I live very close to the Wilkinson School. The school overlooks highway 1 at the Coronado signal light. I have actually lived on the same patch of land for almost 40 years. Ten more years and I qualify as a bona fide “local.”
When I first moved here, I was overjoyed to see a dirt road leading off Highway 1 into El Granada. A dirt road! With potholes and rocky bumps. On the opposite side of the highway, I saw the Pacific Ocean. Right there. I could almost touch the waves, feel the moist sand on my bare feet. For me, it was “paradise,” a description I hear lots of my neighbors use today.
My house was a funky beach bungalow, 800 square feet. Although there was a “new” indoor bathroom, there was also an outhouse in the backyard to remind me of how it was done in earlier days.
The bungalow had been built in 1950, one of the only houses on the block. Behind me the Pacinis, Italo and Rina, farmed. Now Rina, a widow, tends to a small orchard.
Rina Pacini’s neat little home has always reminded me of a small chapel. I hope it never gets torn down and replaced with something big and modern.
She knew Dante Dianda and John Patroni, respectively, the “Artichoke King” and the Prohibition “kingpin”. Dante’s immediate province was El Granada and Patroni was headquartered in Princeton-by-the=Sea. They also owned land together. Of the pair, John Patroni may have been the flashier, often seen driving his shiny black Cadillac around Half Moon Bay—a polite man who would stop to offer a ride to Rina.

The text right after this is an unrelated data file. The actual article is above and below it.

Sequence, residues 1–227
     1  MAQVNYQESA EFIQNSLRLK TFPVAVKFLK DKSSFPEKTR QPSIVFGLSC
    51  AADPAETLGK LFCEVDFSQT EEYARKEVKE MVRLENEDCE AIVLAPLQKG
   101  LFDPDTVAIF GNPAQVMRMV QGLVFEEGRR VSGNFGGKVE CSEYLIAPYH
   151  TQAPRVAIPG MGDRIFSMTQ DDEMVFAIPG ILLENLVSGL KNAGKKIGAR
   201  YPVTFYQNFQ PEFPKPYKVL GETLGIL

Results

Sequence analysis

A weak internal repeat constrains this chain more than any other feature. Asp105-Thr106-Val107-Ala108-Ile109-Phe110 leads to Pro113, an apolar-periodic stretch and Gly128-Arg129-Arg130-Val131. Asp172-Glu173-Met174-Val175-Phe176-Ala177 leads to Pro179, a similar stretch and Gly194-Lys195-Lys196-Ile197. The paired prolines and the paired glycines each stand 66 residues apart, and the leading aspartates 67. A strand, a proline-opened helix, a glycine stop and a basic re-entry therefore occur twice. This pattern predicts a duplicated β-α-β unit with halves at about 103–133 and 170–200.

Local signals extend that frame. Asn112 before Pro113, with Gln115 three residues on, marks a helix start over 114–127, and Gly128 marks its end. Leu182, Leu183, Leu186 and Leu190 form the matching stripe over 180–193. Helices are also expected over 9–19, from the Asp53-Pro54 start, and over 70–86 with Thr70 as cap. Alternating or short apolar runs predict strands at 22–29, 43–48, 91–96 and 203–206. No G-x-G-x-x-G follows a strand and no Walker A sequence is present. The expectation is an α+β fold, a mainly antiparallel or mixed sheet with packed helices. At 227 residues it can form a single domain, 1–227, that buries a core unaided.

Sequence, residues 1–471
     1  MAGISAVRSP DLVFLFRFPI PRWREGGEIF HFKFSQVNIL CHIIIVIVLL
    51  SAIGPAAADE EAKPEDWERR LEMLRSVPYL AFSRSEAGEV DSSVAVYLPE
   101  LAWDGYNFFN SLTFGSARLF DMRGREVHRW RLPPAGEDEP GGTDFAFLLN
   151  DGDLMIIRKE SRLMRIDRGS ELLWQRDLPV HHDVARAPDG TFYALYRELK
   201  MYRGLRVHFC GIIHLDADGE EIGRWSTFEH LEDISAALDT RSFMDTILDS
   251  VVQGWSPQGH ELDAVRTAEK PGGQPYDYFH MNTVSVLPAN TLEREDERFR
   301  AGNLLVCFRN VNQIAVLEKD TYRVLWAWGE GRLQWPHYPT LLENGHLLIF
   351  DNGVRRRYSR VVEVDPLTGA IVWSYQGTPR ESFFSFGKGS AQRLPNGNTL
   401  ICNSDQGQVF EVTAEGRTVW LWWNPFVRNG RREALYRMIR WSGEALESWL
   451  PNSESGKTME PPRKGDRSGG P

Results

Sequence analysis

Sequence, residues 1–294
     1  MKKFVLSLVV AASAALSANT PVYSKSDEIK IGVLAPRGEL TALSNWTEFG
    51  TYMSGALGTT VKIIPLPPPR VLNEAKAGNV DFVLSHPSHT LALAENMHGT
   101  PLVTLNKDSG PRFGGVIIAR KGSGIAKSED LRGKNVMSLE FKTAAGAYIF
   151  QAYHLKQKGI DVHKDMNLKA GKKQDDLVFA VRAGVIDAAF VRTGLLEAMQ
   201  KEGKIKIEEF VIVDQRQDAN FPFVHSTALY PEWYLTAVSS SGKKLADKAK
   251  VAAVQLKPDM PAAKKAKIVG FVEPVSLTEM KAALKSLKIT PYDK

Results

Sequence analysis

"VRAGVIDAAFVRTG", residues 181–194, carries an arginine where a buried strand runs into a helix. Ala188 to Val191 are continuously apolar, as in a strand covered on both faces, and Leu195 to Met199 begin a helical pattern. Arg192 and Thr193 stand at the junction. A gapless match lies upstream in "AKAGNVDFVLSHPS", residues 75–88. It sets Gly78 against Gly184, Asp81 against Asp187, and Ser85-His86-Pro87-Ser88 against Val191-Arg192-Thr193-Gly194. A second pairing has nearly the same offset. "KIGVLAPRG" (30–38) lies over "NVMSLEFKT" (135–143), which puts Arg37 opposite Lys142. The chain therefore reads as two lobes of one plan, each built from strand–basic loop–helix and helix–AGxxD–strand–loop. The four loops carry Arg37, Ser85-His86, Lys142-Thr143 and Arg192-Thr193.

Didn’t she tell me that her cozy house had been moved from the north side of El Granada to its permanent position near the Wilkinson and El Granada Schools? I think Dante helped with the move.
When I moved here, we called El Granada, “El Gray,” because the sky was rarely blue. Luckily, having grown up in the misnamed “Sunset District” of San Francisco, I grew to love fog. There I said it: I love fog.
I like a moody sky. Clouds, wind, rain….and sun, but not too hot.
Linda Wilkinson was living down the street when I started placing my collection of abalone shells in the garden. It looked funky but the Coastside was funky. That’s what I liked about it. The folks were real, no pretensions.
Linda Wilkinson’s home featured beautiful exterior rock work; it was the former home of a California legislator. Linda was teaching at El Granada School, and later, along with husband Ed, she opened a private school. The students took classes in the family home as well as in the blue buildings across the way from the house.
Although the Wilkinsons sold the house a few years ago, they continue to operate the school. And this Saturday, November 22, between 10 am & 2 pm, the Wilkinson School is hosting a “Hopi Arts & Culture Day,” with Bernard and Frances Dallasvuyaoma. For more info, please call 650.726.4582.